Saturday, March 12, 2005

Playing the Strings of Democracy

Ahhh... anyone remember the good old days when Americans were allowed to question the Presidents policies? Decent was still considered to be one of our constitutional rights. When "the right of the people peaceably to assemble, and to petition the Government for a redress of grievances" actually meant we could tell the President what we, the people, were really thinking.

Yes, I sit here reminiscing on those long past days of the pinnacle of our Democracy. But, alas, those days our gone. Now, you have to sign a loyalty oath to get within 100 yards of the president. If you disagree with anything he says, you will be swiftly escorted from the eyesight of our benevolent exalted one. Whether it be opposition to the war in Iraq, or a dislike for privatizing Social Security, you are deemed unworthy of being in his presence.

This somehow reminds me of something... but I can't quite put my finger on it... Oh yes!... It is like all of those "un-democratic" monstrosities that the President rails against. You know, the ones where the government plans all the gatherings and rallies to show support for that government. China, Syria, Iran, North Korea are names that come to mind. No other western democracy even comes close to the PR orchestra that the Bush administration does.

Bush: Much 'Educating' to Do on Soc. Sec.

By DEB RIECHMANN, Associated Press Writer

SHREVEPORT, La. - In state after state along President Bush (news - web sites)'s Social Security (news - web sites) road campaign, hand-picked audiences cheer him, leaving the impression that the nation wholeheartedly backs his ideas for reform. The reality is different.

While a majority of Americans approve of Bush's handling of terrorism and foreign policy, just 37 percent like his approach to Social Security, an Associated Press poll found.

"I've got a lot of educating to do to convince people not only that we have a problem, but we need to come together and come up with a solution to Social Security," Bush conceded at the end of a two-day swing through Kentucky, Alabama, Tennessee and Louisiana.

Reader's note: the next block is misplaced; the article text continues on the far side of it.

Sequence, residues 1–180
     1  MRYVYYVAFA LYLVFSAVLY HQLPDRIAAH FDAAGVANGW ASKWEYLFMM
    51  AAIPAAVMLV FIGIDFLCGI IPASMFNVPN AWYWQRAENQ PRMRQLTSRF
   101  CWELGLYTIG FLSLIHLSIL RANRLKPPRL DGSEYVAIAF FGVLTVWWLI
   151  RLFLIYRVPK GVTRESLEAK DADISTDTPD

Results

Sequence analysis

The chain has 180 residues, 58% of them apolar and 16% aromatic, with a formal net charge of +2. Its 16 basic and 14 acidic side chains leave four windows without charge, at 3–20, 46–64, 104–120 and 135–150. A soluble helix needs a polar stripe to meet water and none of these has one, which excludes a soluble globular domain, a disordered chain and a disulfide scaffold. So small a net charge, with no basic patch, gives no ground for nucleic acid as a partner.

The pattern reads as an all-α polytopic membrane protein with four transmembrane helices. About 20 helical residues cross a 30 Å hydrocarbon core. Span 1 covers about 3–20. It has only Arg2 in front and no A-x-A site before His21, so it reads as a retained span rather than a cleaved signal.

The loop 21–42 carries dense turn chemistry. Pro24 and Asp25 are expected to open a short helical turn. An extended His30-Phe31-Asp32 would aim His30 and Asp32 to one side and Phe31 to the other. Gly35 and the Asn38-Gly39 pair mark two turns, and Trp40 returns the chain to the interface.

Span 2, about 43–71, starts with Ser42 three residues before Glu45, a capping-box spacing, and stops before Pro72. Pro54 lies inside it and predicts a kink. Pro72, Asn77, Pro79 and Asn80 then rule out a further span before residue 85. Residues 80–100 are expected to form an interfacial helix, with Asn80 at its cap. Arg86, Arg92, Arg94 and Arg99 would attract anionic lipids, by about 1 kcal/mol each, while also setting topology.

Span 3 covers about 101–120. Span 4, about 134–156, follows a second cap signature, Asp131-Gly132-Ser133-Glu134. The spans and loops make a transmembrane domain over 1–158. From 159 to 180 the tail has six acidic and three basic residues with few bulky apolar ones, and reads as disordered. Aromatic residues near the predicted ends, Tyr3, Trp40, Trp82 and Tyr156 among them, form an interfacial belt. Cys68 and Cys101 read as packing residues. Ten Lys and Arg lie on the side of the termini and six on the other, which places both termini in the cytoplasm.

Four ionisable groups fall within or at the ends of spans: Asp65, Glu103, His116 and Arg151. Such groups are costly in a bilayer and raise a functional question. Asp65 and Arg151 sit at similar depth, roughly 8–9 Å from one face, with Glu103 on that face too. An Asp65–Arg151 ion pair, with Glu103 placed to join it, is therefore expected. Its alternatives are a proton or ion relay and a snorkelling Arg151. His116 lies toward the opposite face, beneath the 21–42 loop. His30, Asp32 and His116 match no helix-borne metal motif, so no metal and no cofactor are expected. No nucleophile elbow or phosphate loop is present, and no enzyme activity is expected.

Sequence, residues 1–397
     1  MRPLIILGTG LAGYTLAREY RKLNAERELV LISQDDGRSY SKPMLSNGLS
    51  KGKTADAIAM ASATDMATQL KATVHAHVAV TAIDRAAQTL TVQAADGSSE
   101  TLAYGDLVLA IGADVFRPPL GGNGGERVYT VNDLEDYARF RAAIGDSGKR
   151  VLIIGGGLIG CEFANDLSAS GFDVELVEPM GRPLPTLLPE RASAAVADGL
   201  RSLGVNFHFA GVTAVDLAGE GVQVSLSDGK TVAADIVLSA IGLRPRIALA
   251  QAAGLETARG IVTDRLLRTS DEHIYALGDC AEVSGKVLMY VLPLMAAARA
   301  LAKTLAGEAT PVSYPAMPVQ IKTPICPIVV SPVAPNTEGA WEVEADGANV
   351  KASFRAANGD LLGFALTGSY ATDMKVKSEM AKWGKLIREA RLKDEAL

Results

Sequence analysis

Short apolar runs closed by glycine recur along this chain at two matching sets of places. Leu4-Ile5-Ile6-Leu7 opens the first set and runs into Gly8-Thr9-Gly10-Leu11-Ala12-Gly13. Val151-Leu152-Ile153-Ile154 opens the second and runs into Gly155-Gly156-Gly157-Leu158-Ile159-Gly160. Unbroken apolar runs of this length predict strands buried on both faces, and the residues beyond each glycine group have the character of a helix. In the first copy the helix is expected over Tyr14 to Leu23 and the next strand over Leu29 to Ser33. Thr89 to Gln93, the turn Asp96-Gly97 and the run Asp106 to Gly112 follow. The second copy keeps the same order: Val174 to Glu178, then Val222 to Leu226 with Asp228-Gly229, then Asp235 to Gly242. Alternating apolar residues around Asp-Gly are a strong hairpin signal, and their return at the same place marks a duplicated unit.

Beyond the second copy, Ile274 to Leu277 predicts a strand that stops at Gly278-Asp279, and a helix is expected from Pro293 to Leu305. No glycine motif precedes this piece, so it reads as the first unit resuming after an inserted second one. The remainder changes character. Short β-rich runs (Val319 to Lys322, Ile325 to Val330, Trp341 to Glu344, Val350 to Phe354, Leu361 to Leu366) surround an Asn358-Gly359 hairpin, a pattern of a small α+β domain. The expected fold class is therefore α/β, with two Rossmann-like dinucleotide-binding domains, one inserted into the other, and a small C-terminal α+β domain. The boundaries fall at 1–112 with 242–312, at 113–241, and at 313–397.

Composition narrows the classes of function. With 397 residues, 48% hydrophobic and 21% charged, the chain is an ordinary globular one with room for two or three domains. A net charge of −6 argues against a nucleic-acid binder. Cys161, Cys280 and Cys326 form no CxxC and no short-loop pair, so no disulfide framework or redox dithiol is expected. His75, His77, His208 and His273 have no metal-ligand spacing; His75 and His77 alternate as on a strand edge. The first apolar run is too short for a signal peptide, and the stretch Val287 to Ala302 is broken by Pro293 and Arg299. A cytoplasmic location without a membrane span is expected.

Bush has hosted Social Security events in 14 states since his Feb. 2 State of the Union address.

At each one, the audience lends supportive applause when he talks about the federal retirement system's solvency problems and his desire to let younger workers set up private retirement accounts.

Only when dissenters manage to slip into the presidential events and voice their disapproval is there an inkling of what opinion polls clearly show: Not everyone is on board.

At a stop earlier in the day in Memphis, Tenn., a young woman shouted "No" as Bush marketed his ideas onstage. The woman, one of four people who interrupted Bush's remarks, was escorted out of the event. A man in the crowd later shook his head and muttered aloud: "There's no guarantee. There's no guarantee," apparently in disagreement with Bush's proposals.


(Full Stroy)

5 comments:

MaxedOutMama said...

Dingo,
I have read many stories about this sort of thing. I understood why they felt the need for security during the election rallies, but I don't approve of just pitching out protesters unless they are incredibly disruptive.

However I was startled to encounter this thread on DU today. According to this guy, no one shut him up or threw him out - the crowd just got angry with him so he chose to leave. I don't know what to think, honestly. I can see why the Secret Service would want to have some sort of control in the environment, but it totally goes against my grain to have dissenters thrown out. Maybe it is by degree.

As I say, I don't know.

Dingo said...

There is something wrong when you have rallies only for supporters of you policy. It used to be that a president would travel the country to talk to the opponents of his policies in order to build support. He would rely on his oratory skills to convince the masses his plan was the best. Bush just throws PR stunts. It is just wrong for a person who might not agree with the president to have to "pretend" he/she is a supporter in order just to see the president speak.

I read the DU link. I am not sure what to think about disruptive protestors. The supporters have just as much right to hear the president speak as the dissenters have to let the president know there minds. I think you would get more of a subdued protest though if people didn't have to "sneak in."

Sigmund, Carl and Alfred said...

Dingo, I'm with MOM on this one. The Prez came to our area and there were plenty of dissenters (made the news, etc).

Nonetheless, security was incredibly tight- not unexpected in a post 9/11 world.

Dingo said...

Guys... you are raining on my parade here.

Maybe you are right and there have been dissenters allowed in that I haven't been hearing about. my question is, were they freely allowed in, or did they have to pretend to be supporters to get tickets?

MaxedOutMama said...

Dingo,
I'm completely baffled. I understood during the campaign why you had to pre-register. I was sort of surprised that Bush got through it without being shot regardless of all the security.

I bet he is wired so that the Secret Service guys can tell him when to duck plus wearing a bullet-proof vest at every one of these deals. Maybe too it has to do with the size of the crowd and the number of protesters.

I think the Secret Service guys probably don't want people standing up and milling around - it could provide cover for a shooter. It's awful to think this way, but post 9/11 I guess we have to.